Everything in the editor are 3D models, except for certain things like entities, lights and areas. This means, if you want custom stuff, you gotta do it yourself. Diferent walls or doorways or whatever, it all has to be modeled externally and saved as a Collada DAE model, and then it can be used to make up the map. I’m not sure how the GPL2 engine works, but I’m sure it doesn’t use BSP geometry at all. In a way, for some reason, I like the idea of it, even if it means I won’t be doing much custom stuff alone.

Well, as a final thought, I think it’s a great tool. I haven’t mentioned half of what it’s capable of, and I don’t know more than half of what it’s capable of, but so far it surprised me. Well, such a complete set of tools and full ingame support for mods, coming from an indie dev team, is something to be surprised at.

But even more surprising is Amnesia – The Dark Descent, from which I only had the pleasure of fearing for 20 long and cruel minutes, and I already feel like recommending it to everyone who likes being scared to shit by watching/playing horror. And if you think you aren’t the type to piss your pants just by playing a game, I tell you: Even more than Penumbra series would (or did), this game will impress you. But I’ll leave this for another post, sometime after I played more and have cleaned my underwear. 😀


Unreal Development Kit

Posted in Game Making Tools on January 18, 2010 by skaruts

Unreal Development Kit (UDK) is a free version of Unreal Editor and Engine 3 that allows anyone to make games or mods with it. It doesn’t require you to have any Unreal Engine based game to use it.

I have yet to learn more about it, since I’ve never been into Unreal editing tools before, but I already noticed some good things about it. One of them, is that this editor allows you to navigate in your 3D viewport with WASD keys by pressing the right-mouse button, which for me, since I’m used to work with Hammer for the Source Engine, is a must. There’s lots of other cool stuff about it that already come from previous versions. Having the ability to quickly preview/test/play in the editor itself, is one of them.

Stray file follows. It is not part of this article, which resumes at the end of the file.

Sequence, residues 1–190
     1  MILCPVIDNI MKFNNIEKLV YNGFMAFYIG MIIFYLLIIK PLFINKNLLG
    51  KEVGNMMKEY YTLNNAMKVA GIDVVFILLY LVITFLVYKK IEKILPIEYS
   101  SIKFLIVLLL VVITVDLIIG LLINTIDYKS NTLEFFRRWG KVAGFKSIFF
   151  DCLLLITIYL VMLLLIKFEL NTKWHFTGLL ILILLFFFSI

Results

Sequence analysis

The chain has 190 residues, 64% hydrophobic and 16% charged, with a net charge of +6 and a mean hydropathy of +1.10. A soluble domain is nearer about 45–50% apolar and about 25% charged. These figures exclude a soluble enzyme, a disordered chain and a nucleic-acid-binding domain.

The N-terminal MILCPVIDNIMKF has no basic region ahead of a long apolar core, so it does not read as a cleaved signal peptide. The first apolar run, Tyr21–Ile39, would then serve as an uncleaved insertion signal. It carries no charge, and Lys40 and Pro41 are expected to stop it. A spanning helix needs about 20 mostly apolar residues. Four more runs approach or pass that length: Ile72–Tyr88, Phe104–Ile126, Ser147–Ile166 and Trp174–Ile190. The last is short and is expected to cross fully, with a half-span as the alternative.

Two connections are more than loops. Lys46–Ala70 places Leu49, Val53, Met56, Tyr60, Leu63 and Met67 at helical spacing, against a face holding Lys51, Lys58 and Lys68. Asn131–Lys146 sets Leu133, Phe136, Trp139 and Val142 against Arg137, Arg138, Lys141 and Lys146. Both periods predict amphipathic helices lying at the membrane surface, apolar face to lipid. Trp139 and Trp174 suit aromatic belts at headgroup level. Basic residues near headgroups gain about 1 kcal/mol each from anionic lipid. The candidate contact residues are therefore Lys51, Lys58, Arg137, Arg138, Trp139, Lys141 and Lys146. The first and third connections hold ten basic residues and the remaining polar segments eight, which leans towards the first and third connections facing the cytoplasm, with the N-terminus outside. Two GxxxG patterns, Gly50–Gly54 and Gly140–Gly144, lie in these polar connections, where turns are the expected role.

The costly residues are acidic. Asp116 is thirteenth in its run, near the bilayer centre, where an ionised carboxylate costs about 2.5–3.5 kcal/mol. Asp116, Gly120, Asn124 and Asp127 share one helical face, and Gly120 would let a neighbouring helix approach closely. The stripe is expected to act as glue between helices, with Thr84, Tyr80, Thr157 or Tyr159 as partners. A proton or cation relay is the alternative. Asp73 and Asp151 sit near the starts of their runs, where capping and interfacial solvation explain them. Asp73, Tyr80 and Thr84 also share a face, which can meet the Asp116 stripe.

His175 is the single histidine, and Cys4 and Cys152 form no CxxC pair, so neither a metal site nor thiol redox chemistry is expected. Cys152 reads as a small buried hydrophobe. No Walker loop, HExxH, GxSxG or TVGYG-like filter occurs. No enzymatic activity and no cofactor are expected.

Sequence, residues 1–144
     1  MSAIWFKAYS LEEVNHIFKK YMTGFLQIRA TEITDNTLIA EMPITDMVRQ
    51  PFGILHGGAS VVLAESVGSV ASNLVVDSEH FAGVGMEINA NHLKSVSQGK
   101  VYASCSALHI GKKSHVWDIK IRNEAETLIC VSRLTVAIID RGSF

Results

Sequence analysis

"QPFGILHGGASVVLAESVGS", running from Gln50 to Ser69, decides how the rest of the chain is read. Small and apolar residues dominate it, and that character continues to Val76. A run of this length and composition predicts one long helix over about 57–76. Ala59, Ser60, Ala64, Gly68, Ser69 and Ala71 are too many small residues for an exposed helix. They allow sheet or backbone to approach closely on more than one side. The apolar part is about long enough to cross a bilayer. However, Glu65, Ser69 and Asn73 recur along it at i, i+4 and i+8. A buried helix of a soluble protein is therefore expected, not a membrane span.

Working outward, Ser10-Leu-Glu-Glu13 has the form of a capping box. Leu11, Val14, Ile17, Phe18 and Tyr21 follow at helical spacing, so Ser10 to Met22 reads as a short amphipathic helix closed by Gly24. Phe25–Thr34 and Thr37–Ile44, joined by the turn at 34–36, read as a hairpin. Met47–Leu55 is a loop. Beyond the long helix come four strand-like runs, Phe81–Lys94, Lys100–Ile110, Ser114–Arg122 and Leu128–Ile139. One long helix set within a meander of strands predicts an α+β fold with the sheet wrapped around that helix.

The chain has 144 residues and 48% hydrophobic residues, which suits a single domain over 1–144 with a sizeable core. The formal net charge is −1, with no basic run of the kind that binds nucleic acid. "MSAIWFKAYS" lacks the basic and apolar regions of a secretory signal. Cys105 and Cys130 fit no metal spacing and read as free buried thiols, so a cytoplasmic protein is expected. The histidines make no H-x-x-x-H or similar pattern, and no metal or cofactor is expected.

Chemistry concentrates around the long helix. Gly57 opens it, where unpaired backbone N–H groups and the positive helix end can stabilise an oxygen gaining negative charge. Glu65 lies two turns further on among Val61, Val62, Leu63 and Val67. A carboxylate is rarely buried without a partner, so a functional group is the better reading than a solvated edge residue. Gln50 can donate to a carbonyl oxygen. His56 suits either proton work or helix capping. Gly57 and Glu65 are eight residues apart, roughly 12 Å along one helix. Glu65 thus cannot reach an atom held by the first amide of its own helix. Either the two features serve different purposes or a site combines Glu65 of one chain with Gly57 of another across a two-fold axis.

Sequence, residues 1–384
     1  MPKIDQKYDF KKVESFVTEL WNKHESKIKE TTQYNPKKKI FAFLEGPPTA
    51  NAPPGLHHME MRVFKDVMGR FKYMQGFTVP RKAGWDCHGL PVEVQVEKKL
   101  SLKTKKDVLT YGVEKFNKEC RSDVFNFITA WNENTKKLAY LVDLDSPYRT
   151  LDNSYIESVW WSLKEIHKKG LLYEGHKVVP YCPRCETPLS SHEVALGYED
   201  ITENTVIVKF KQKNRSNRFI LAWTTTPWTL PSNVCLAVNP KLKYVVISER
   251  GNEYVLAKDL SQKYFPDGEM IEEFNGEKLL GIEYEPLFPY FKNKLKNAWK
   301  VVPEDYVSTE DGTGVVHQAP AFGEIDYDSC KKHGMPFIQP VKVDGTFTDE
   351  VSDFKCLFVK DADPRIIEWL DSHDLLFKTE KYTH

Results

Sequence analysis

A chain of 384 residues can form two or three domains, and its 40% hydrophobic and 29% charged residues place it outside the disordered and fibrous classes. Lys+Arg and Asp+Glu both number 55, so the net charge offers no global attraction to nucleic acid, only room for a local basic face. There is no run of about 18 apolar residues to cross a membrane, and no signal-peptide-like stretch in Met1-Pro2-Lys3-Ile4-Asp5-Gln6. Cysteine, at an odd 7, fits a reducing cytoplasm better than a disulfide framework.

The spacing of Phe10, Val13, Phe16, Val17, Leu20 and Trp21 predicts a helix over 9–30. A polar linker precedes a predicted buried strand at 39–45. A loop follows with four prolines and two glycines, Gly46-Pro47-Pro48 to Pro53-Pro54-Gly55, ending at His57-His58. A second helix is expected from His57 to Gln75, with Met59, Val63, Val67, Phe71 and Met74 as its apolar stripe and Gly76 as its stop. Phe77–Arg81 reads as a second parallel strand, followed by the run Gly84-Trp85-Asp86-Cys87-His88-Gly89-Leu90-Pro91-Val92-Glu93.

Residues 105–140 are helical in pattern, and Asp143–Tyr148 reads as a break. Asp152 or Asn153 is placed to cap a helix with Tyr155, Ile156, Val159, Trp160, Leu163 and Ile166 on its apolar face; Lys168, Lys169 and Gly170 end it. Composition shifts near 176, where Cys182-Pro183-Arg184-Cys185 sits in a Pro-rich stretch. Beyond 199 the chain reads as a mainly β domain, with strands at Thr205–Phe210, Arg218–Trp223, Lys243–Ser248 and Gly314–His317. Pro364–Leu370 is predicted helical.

After being used to work with Source Engine, I think UDK has many advantages over it. Also, from what I’ve seen around, you can make your own games with it. Even if they aren’t the 1st person shooter type of games.

This is a great tool for all those that want to actually create their games in a powerful 3D engine. I highly recomend it.

Go for it. Or like they say in the documentation:

“Go make something unreal!”

Unity 2.6 is Free to Download

Posted in Game Making Tools on January 18, 2010 by skaruts

Yup, that’s right. They have made Unity 2.6 available for free. Although you get a few more functionality related stuff with the professional version, this free version still allows you to make whatever you may have in mind come to life. It works with C#, JavaScript or Boo, and it’s a very powerful tool for game creation. I highly recomend it.

It may seem a bit intimidatingly full of stuff at first sight (not in my screeshot), but it’s in fact not that scary. In fact, it has a very logical and user friendly interface, and very practical tools for the development process. It also has a webplayer, which alows you to develop web games, much like those made in Flash or a similar app. I depends on programing to some extent, but it’s not as hard as what I’ve seen before.

If you want to make decent games, go and get it.